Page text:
Still; if I had been shot, I realized that nobody would come to visit me and I wouldn’t appear on a prayer list at any church on Sunday, let alone make it on to a prayer chain.   It would be nice to pretend that somebody cared.

So all you freewheeling readers out there who are currently “between churches” should definitely get one soon.

Today’s Links:

  • Kathy aka Kaybee quotes an excellent piece of poetry from Mother Teresa in this post, Who is Jesus to Me?
  • More thoughts on Bible meditation, this time from a site with a name similar to ours, Thinking With Purpose; part of a study on Spiritual Meditation.
  • Sherry at the blog Soiled Wings would get along great my wife, who has made an art form out of dodging the greeters at the door of the church.   Sherry spiritualizes it however in this post, God, Greeters and Germs.
  • It’s been awhile since we linked to Nashville pastor Pete Wilson’s blog.   In this post, he talks about the expectations we have for people in our churches, that they will fit into a certain mold; or as he calls them Cookie Cutter Souls.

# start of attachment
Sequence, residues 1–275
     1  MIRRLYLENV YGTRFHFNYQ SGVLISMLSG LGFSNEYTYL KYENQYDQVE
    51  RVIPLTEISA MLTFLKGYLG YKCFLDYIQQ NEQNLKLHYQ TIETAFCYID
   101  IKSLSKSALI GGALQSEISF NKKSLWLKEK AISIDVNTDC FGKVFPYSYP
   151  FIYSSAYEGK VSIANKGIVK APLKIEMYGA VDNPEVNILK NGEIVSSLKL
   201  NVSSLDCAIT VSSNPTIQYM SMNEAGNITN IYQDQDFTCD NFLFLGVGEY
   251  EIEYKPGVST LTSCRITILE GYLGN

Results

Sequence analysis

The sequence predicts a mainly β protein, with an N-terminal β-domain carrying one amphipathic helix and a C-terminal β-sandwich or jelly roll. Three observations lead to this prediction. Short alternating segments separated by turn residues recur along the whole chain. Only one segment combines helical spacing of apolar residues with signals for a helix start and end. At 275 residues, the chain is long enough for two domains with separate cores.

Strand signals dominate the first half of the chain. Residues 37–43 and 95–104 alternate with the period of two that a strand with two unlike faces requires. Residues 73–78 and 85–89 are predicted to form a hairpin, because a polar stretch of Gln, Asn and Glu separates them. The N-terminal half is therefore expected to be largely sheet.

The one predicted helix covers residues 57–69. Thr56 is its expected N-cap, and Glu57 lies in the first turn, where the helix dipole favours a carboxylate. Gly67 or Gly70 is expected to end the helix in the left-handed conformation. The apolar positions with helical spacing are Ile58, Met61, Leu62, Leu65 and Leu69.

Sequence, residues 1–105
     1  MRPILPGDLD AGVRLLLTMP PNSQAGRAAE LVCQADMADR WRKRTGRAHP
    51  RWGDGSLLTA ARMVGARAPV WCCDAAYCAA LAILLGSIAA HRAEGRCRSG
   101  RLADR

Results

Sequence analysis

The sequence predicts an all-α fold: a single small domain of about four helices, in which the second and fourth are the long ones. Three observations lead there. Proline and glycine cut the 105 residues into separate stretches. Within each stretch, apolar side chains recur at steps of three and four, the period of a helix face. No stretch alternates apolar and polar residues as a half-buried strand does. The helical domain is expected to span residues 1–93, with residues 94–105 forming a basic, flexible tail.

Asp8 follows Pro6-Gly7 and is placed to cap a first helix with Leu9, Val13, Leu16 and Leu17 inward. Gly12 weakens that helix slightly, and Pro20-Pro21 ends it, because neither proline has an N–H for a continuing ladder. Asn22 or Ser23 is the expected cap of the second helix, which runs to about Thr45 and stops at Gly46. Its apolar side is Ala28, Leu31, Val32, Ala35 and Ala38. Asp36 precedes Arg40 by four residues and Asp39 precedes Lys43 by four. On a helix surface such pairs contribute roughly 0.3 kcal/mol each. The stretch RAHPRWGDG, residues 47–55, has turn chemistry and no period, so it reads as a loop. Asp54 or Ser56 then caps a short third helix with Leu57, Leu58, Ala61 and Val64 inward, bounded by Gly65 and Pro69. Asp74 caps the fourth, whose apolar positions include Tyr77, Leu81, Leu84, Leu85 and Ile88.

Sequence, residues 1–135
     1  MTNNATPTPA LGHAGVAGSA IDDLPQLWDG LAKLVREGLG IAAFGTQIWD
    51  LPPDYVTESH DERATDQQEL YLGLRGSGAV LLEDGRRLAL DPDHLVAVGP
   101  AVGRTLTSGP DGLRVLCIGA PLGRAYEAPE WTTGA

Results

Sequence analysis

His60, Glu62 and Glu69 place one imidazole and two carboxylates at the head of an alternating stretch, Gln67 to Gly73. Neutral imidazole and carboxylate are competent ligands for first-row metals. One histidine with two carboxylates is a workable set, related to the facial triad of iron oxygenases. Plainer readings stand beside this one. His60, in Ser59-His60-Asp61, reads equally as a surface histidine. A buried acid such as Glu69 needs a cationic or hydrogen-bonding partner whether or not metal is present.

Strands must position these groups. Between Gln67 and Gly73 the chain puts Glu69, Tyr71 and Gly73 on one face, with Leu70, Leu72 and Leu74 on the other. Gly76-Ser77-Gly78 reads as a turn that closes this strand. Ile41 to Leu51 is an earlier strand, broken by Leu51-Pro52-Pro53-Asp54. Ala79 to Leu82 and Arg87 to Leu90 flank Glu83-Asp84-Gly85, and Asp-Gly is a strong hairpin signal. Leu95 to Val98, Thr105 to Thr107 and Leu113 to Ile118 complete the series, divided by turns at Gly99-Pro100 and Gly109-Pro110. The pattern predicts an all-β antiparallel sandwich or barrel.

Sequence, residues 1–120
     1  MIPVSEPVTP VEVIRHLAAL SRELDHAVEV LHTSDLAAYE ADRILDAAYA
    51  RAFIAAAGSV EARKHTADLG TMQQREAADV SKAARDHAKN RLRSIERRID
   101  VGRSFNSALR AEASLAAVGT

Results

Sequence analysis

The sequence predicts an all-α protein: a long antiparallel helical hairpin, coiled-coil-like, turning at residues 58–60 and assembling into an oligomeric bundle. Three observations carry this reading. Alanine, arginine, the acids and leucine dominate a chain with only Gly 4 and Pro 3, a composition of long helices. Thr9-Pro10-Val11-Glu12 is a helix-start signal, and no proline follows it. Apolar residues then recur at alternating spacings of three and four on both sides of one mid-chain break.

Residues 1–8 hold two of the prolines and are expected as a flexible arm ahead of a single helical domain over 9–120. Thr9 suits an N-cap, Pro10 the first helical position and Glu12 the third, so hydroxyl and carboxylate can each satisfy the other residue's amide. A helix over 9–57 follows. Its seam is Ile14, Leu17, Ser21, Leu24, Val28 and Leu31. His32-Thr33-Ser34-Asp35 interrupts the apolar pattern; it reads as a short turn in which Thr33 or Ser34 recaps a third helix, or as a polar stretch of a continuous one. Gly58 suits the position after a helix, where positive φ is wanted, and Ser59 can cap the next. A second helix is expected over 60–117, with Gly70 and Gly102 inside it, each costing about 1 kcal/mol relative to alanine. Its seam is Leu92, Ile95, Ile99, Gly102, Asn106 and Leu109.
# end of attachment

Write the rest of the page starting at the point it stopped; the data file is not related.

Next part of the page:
• Despite my attempts at trying to sell a “booklet” which is shrinkwrapped into packages of four or five, it’s been suggested again that The Pornography Effect, really could use more chapters, or some serious padding, if we’re going to find a publisher.   So in a new chapter (ignore the post date) we look at the idea of Detoxification.

A New Way To Read Scripture Aloud

Filed under: bible, Church — Tags: , , , , , , , — paulthinkingoutloud @ 8:21 am

scripture_readingNothing strikes terror in the hearts of churchgoers like being asked to do a scripture reading.   Even some progressive, non-liturgical churches are trying things in the middle of the sermon which involve having the reader seated with a live microphone to jump into the middle of the sermon to read texts as needed.   (The change in voices might actually keep some from slipping into their Sunday slumber.)

Laypersons so asked to participate will often make a panic purchase of a resource with a title like, “How to Pronounce Bible Names;” only to find the pastor saying the names with completely different vowel sounds and syllable emphasis than what they read to the congregation moments earlier.

And then there’s always the critical question, “What should I wear?”  This usually transcends any consideration of the words being uttered.